&#91OUTLOOK&#93Worries about German stagnation

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[OUTLOOK]Worries about German stagnation

With near-zero inflation and little growth in sight, concern is growing that Germany might fall into Japan-like stagnation -- an extended period of sub-potential growth, accumulating nonperforming loans and public debt, and persistent deflation. The concern is justified.
Japan’s decade of decline is the worst fate suffered by an advanced economy since the Great Depression. Japan’s measured unemployment rate and public debt have both doubled, and the actual size of these problems is larger still. The underlying fragility in Japan’s financial system portends further losses of jobs and taxpayer money, and presents an ongoing risk of outright crisis.
It takes more than a bubble bursting, however, to become Japan. There are four factors that have rendered Japan unable to take the steps needed to return to growth after its 1990-92 stock market crash. The first is keeping too many banks open, particularly too many with public-sector backing, thereby eroding profitability and discipline in the banking system. This leads to banks rolling over bad loans and failing to make new ones.
The second is an overly restrictive monetary and fiscal policy in a time of declining demand and rising debt. The third is political and financial passivity by citizens, who simply save more and re-elect poli-ticians in the face of policy failure. And fourth is a lack of op-enness ― to new ideas, competition, or international pressure.
Germany clearly shares the first two aspects of Japan’s syndrome. As has become evident this year, Germany’s banking system is in deep trouble. The private banks are short of capital and so fail to create credit in response to what few rate cuts the European Central Bank makes. The Sparkassen and other government-backed banks are encouraged to expand their lending on nonmarket criteria. This combination generates more bad loans, less lending to new firms, lower returns to savers and bank owners, and additional pressure on asset prices from distressed borrowers.
Macroeconomic policy has not responded sufficiently to Germany’s situation. The Euro-pean Central Bank puts too little weight on the risks to the eurozone and the global economy from German near-deflation, even after suggesting that the bank’s inflation goal is closer to 2 percent than zero percent. The deservedly ridiculed Stabi-lity and Growth Pact asks for fiscal austerity when tax revenues are markedly declining due to near-zero growth. Alth-ough a eurozone macroeconomic policy is not actively contractionary, as Japanese policy was in the 1990s, it is allowing negative reinforcement between declining demand and banking problems making both get worse.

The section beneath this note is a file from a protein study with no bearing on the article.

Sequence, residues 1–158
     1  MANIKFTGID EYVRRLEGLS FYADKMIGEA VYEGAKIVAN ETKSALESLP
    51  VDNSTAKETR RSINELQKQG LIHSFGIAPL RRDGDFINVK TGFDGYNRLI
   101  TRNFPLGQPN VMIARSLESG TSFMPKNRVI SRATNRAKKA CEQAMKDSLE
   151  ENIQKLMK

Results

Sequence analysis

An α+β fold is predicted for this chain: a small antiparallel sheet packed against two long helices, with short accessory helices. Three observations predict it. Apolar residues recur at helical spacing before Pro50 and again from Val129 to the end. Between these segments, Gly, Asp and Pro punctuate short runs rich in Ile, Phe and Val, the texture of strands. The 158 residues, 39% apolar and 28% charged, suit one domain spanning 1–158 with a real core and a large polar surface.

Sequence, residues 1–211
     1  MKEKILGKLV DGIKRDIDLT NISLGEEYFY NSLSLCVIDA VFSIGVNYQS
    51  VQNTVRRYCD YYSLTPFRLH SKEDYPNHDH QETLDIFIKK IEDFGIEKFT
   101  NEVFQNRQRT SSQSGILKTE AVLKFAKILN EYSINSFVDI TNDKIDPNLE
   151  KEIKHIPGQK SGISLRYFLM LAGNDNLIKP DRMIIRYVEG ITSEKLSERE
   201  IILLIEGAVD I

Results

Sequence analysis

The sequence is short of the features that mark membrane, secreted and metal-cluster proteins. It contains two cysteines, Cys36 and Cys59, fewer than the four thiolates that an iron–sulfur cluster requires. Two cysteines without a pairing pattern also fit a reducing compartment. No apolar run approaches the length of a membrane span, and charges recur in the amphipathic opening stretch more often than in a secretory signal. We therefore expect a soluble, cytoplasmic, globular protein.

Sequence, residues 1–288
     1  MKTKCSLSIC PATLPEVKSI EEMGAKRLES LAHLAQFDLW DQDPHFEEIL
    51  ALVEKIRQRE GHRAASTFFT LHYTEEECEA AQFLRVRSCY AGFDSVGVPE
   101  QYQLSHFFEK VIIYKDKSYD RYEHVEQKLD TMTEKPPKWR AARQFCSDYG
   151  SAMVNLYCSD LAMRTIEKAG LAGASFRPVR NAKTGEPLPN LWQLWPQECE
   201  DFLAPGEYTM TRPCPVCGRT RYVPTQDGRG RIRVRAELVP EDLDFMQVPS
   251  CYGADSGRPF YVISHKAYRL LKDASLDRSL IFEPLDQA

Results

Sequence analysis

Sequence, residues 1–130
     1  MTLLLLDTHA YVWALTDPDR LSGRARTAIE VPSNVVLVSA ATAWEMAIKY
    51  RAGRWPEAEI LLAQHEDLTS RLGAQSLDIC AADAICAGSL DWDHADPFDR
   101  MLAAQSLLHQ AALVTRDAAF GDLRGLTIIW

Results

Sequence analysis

On the third count, German savers and voters have become increasingly passive in recent years. Due to the unfortunate timing of the collapse of share prices for widely held Deutsche Telekom, risk-averse Germans have increased their savings in the banks that squander that money, and accepted diminished returns. Election turnout was down in both last Septem-ber’s national election and February’s Hesse and Nieder-sachsen state elections, making politicians only accountable to the special interests.
The key difference between Germany and Japan, and the likely source of its salvation, is Germany’s international integration. As a member of the European Union, an open economy that imports and welcomes foreign direct investment, and a committed multilateralist na-tion, Germany is subject to constructive pressure from the outside. The German government may confront its banking problems and redesign eurozone macroeconomic policy in its efforts to fulfill its international obligations.
The current context, however, also threatens German openness. German public-sector bankers, and the politicians who use them, are trying to protect their interests by claiming that banking consolidation is a plot to replace the German Hausbank system with Anglo-Saxon finance. Yet having too many banks with too little capital and too much government protection is a recipe for disaster in any financial system -- just look at U.S. savings and loan institutions in the 1980s.
These financial and macroeconomic policy failures are not the source of Germany’s ongoing unemployment challenge. The Schroeder government’s Agenda 2010 rightly makes it a priority to reduce the duration of unemployment benefits and other labor supply problems.
The danger is that the current combination of crashed stock markets, overbanking, and a macroeconomic slowdown may turn the German economy Japanese before the benefits of reform are felt -- and as welfare reform in the United States demonstrated, the benefits of changing worker incentives are only reaped in a growing economy. The Schroeder government should not risk trapping Germany in stagnation by its plan to try to meet the 3 percent deficit target and to increasing public lending to already indebted companies. Instead, it should provide a solid footing for its labor reforms by resolving Germany’s banking problems and by demanding more expansionary eurozone macroeconomic policy.

* The author is a senior fellow at the Institute for International Economics in Washington. His book “Germany in the World Economy” will be published this fall.


by Adam S. Posen

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